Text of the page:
The Beatles song John Lennon called Paul McCartney’s “masterpiece”

John Lennon

Paul McCartney’s songs have always had a love/hate relationship with John Lennon. Lennon was more than willing to throw McCartney’s songs in the mud if he thought they deserved it. Despite the fact that the two were an incredible songwriting team when they were members of The Beatles. He was also known to despise “Maxwell’s Silver Hammer”. Though Lennon was able to establish laws, he believed that one song was far better than anything else he had produced.

It was evident in The Beatles’ early years that John Lennon was in charge of the group. Starting with the first few albums, Lennon was typically the driving force behind each one. He take the lead vocals on most of the tracks and contrasting himself with McCartney on ballads like ‘If I Fell’ and ‘You’ve Got To Hide Your Love Away’.

In contrast to Lennon’s trademark bite, McCartney was more interested in creating upbeat music. He always aimed to inspire the listener with his melodic abilities. Lennon was a sucker for a good McCartney song. Even though that optimism could usually be detrimental to the band’s workload. He singled out “Here There and Everywhere” as one of the best songs his partner ever wrote.

In the latter part of their career, McCartney gradually became the group’s dominant player while they were in the studio. Lennon provided more experimental material with “Strawberry Fields Forever”. But McCartney soon assumed the lead creative role in the group after making significant progress on albums like Sgt Peppers.

Even though Lennon would never stop writing “Hey Jude,” the two would eventually reach their creative breaking point while working on The White Album. Composed by McCartney to lift the spirits of his honorary nephew Julian Lennon, the song is directed towards Julian. He watches his parents go through a divorce.

Every time he played the song, which has one of the longest outros in rock history, Lennon would get a personal kick out of it. Lennon always heard the material as a song about their friendship, even though he could appreciate the songcraft involved.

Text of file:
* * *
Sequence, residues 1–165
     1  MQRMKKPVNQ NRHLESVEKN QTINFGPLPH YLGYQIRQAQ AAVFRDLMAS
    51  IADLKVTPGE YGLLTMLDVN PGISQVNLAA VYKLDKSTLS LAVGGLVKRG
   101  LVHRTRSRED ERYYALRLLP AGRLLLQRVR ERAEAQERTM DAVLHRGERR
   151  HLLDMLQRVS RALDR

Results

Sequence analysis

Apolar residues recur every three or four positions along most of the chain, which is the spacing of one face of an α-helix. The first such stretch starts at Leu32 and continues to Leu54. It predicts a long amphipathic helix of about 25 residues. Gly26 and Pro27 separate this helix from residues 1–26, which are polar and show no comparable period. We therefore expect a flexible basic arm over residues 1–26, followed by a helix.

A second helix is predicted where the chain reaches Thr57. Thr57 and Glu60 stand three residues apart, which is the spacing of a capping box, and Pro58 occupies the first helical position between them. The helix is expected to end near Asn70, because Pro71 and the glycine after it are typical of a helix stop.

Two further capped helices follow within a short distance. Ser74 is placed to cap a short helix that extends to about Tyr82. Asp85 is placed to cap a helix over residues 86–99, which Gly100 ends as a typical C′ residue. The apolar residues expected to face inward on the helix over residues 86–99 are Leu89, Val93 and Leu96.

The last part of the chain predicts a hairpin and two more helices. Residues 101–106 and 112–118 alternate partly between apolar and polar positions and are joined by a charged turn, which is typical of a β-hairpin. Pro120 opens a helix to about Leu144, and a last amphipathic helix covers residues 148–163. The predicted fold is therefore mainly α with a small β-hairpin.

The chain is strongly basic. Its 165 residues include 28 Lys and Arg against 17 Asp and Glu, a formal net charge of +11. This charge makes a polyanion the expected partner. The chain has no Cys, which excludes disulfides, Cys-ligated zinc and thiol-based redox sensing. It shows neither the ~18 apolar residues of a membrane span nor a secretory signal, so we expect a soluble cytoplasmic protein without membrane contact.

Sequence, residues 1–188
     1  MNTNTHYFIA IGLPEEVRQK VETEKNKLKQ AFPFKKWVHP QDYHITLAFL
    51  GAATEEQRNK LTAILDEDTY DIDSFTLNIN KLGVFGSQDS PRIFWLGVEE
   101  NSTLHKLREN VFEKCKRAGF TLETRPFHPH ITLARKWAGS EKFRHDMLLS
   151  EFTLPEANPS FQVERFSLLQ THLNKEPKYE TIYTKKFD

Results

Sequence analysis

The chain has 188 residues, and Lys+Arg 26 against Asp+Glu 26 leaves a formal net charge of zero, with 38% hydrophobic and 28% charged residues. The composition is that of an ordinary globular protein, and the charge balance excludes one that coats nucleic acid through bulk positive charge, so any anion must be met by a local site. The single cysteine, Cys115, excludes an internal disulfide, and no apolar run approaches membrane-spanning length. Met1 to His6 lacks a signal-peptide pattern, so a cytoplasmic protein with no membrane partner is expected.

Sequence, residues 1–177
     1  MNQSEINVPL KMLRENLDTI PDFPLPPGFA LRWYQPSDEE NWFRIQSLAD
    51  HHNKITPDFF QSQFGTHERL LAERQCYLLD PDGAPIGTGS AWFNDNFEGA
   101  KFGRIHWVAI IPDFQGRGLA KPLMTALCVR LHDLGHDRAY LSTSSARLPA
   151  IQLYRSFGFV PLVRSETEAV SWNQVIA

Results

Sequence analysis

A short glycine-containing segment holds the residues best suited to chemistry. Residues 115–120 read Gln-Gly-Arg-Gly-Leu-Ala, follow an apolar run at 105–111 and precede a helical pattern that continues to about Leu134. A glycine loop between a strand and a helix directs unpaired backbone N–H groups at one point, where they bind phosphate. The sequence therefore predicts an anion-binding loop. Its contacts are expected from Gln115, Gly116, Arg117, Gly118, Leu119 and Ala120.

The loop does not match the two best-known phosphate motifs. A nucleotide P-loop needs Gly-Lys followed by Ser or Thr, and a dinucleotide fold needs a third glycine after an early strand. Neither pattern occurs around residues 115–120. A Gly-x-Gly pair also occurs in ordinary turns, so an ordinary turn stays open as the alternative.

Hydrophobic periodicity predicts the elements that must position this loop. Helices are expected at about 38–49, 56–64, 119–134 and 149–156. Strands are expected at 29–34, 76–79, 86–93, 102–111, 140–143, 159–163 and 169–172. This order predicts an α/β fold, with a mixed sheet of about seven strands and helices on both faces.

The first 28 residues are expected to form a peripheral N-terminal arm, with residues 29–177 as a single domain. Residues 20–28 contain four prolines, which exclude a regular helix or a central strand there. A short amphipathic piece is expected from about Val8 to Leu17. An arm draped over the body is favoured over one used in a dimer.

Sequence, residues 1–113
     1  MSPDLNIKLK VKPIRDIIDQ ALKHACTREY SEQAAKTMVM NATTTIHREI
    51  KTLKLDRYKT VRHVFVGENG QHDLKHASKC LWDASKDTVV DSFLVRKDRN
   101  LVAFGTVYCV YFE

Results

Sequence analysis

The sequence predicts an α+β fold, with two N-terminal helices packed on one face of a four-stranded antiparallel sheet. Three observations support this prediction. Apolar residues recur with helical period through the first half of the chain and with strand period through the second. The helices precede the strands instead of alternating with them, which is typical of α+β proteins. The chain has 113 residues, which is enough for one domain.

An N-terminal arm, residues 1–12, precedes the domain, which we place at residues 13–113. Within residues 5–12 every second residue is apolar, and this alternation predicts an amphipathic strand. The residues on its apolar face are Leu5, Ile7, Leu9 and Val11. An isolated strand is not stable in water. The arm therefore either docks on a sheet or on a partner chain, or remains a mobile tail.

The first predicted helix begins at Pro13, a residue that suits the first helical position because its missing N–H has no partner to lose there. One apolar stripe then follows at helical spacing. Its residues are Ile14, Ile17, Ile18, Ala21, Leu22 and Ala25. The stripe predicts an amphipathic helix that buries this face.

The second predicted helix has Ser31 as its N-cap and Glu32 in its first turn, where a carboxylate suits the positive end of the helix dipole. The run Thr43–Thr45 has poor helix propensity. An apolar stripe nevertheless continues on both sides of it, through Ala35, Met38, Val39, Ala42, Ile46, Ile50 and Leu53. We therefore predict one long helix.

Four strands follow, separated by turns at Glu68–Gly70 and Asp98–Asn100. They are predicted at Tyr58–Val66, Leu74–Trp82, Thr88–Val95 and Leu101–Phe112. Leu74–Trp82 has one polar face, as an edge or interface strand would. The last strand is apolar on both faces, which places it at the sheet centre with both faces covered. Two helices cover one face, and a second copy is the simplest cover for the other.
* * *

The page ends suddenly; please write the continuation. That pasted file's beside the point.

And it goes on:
“Hey Jude” was a major turning point in McCartney’s recording career, according to Lennon, who was discussing the band’s back catalogue with Rolling Stone. He called it one of Paul McCartney’s masterpieces. It has always sounded to me like a song. Yoko has recently entered the scene. Paul is indicating that he is ready to go. He wished to keep his partner.

McCartney has interpreted portions of the song as subliminal guidance he was also giving to himself over the years. “Now go and get her” might as well have been a plea for him to follow his heart. This is instead of staying behind and allowing Linda Eastman to leave, given that he was only beginning their relationship.

Despite writing the majority of the song, McCartney acknowledged that one line captured Lennon’s essence. When talking about the song’s composition, McCartney mentioned that Lennon is in the line “the movement you need is on your shoulder”. Even to this day becoming emotional when he performs the song live.

“Hey Jude,” a hit song by The Beatles, is a testament to their ambition and success, regardless of the intended recipient. Even John Lennon, who was sometimes regarded as a cynical band member, was unable to dispute the strength Macca conveyed in this song.

  1. More specifically, in “Hey Jude”, the line, “the movement you need is on your shoulder”, wasn’t “about” John, but how Paul himself thought the line wasn’t good enough and he told John he wanted to change it but John said, “You won’t, you know,” and told him that was the best line in the song. So Paul kept it.

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